Something is rotten with Twitter (TWTR) . The social media service has been disappointing investors since its IPO by losing more than 50% of share value in the past year. Twitter now trades at $17 compared to its 2013 IPO price of $26. As if those problems weren't enough, this week it became known that several of the company's executives are leaving, most likely involuntarily. Just like that, 40% of the Twitter's executive team is out.
The exact reasons for the executive shakeup can be speculated on, but no matter what went on behind the scenes, it further highlights the challenges facing Twitter. There are serious problems with the company's slowing growth and unimpressive revenues. The company announces its fourth-quarter 2015 earnings on February 10, and analysts are already prepared to be underwhelmed.
Some critics cite Twitter as exhibit A of an impending tech bubble 2.0, yet there are plenty of promising stock alternatives to Twitter out there in social media and the larger tech sector. Here are five tech companies worth a further look.
Facebook is like the anti-Twitter when it comes to financial success. While there are some concerns about plateauing user growth, revenues have been exceeding expectations. The company also isn't afraid to invest big.
Its $1 billion acquisition of photo-sharing service Instagram raised some eyebrows but proved to be a great deal. Instagram is expected to bring in $1.5 billion in mobile ad revenues in 2016. Other big investments include the Whatsapp messaging service, bought for $19 billion, and virtual reality headset maker Oculus VR, acquired for $2 billion. These are enormous numbers, but Facebook's plans to diversify seem to paying off.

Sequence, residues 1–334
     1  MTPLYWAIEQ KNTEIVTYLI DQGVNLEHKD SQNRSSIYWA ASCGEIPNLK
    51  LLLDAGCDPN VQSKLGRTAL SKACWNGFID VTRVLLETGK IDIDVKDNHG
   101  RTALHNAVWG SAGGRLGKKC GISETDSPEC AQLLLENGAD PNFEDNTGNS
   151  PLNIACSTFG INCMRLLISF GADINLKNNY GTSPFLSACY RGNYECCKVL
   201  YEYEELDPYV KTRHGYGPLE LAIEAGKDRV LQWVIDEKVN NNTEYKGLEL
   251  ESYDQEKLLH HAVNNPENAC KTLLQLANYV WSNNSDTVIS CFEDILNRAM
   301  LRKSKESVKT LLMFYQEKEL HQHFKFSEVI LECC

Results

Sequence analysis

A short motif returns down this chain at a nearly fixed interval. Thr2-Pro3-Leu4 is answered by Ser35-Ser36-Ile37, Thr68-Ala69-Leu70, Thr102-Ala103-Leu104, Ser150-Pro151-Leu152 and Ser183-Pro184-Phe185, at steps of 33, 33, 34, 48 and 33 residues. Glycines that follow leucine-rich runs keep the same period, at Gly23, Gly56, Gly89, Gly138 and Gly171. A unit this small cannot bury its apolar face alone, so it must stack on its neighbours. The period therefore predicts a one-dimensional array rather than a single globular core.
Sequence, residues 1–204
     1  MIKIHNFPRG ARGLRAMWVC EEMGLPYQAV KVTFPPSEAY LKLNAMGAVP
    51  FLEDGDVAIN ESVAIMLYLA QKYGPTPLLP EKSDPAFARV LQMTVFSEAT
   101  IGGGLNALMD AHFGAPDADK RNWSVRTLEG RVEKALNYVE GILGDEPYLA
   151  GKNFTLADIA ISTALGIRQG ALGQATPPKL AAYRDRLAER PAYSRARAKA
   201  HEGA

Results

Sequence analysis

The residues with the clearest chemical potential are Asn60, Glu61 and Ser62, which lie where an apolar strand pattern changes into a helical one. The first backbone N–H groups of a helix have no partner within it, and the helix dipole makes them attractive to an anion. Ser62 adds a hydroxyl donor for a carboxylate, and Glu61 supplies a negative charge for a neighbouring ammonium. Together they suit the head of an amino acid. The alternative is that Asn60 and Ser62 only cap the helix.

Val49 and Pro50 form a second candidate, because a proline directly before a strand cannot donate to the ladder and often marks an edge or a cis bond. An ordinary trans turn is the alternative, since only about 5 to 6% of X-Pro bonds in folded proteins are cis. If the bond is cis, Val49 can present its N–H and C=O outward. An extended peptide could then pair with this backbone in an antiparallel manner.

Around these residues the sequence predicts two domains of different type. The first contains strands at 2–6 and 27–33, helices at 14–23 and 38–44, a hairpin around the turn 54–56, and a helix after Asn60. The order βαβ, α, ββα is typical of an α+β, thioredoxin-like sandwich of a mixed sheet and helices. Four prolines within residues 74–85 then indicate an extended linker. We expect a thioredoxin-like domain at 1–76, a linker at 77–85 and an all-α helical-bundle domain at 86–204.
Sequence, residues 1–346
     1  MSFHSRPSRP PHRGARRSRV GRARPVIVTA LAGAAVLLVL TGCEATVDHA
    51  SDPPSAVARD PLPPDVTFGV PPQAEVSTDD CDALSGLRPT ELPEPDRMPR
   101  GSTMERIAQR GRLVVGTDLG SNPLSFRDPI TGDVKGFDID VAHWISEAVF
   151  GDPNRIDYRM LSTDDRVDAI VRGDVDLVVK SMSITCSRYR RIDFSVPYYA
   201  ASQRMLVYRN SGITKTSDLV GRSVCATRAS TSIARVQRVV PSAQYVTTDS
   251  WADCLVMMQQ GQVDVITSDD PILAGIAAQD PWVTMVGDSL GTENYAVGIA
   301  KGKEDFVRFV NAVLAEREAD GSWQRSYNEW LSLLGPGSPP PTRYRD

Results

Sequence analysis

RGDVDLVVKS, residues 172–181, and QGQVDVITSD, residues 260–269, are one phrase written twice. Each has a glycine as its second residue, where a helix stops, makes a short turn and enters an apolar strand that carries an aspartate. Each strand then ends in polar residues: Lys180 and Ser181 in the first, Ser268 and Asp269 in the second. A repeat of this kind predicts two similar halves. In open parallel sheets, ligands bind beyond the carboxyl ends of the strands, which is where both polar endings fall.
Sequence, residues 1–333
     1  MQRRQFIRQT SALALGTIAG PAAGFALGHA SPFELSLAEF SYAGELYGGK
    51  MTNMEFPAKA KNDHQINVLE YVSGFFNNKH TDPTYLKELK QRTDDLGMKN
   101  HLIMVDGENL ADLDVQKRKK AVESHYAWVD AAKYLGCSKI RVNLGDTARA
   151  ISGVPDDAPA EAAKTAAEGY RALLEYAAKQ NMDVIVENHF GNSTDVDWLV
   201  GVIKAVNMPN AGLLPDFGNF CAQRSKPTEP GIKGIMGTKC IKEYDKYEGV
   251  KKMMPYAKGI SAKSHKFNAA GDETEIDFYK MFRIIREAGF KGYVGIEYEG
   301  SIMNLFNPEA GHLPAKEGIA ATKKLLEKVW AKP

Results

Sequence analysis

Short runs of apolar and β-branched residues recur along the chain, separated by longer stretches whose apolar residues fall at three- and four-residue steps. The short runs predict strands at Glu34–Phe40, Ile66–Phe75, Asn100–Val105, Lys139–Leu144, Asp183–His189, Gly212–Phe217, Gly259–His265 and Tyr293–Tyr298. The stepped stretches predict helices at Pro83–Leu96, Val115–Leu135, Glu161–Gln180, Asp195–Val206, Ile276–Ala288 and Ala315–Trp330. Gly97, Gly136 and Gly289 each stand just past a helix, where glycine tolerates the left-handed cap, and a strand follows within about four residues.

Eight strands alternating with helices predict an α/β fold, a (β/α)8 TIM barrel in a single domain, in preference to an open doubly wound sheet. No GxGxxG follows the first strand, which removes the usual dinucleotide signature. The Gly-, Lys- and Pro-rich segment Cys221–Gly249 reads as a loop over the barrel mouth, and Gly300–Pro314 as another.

LinkedIn has been the gold standard of social media stocks because the company has always had a solid revenue plan. Premium subscriptions and paid job listings fare much better than Twitter's revenue-generating features. The company's $1.5 billion acquisition of the Lynda.com education service makes a lot of sense, yet it remains to be seen how the deal will pay off. LinkedIn's fourth-quarter earnings are being announced on February 4, so more will be known then.
The Google+ social media service has long been dead in the water, but that doesn't make Google's parent company any less appealing. Revenue was up 13% in third quarter 2015, and last quarter Alphabet initiated a large $5 stock buyback to bring value to investors.
EBay is a dinosaur of the e-commerce industry in terms of age, but the online auction company is far from extinct. It's weathered slow growth in its users fairly well. eBay spun off its PayPal payments system in 2015 and is now on its own as it tries to boost revenue. Last year, it wisely trimmed down some of its services to focus on its main online auctions program. It was a good decision, although it's doubtful eBay will experience the growth investors crave. Still, it's a decent company despite challenges ahead.
Netflix appears to have been consistently overvalued in the past few years, but the streaming media company continues to reach new highs. Netflix's fourth-quarter 2015 earnings beat expectations last week, and the company expects to add another six million subscribers this year.
The company is now focusing on quickly expanding to international markets by reaching 200 countries by the end of the year. This bodes very well for Netflix, as the company is facing some scrutiny over its expensive original content and slowing growth in the U.S.
Just because Twitter isn't working out doesn't mean you should abandon tech stocks entirely. Consider any of these alternatives for a potentially stronger bottom line.
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This article is commentary by an independent contributor. At the time of publication, the author held no positions in the stocks mentioned.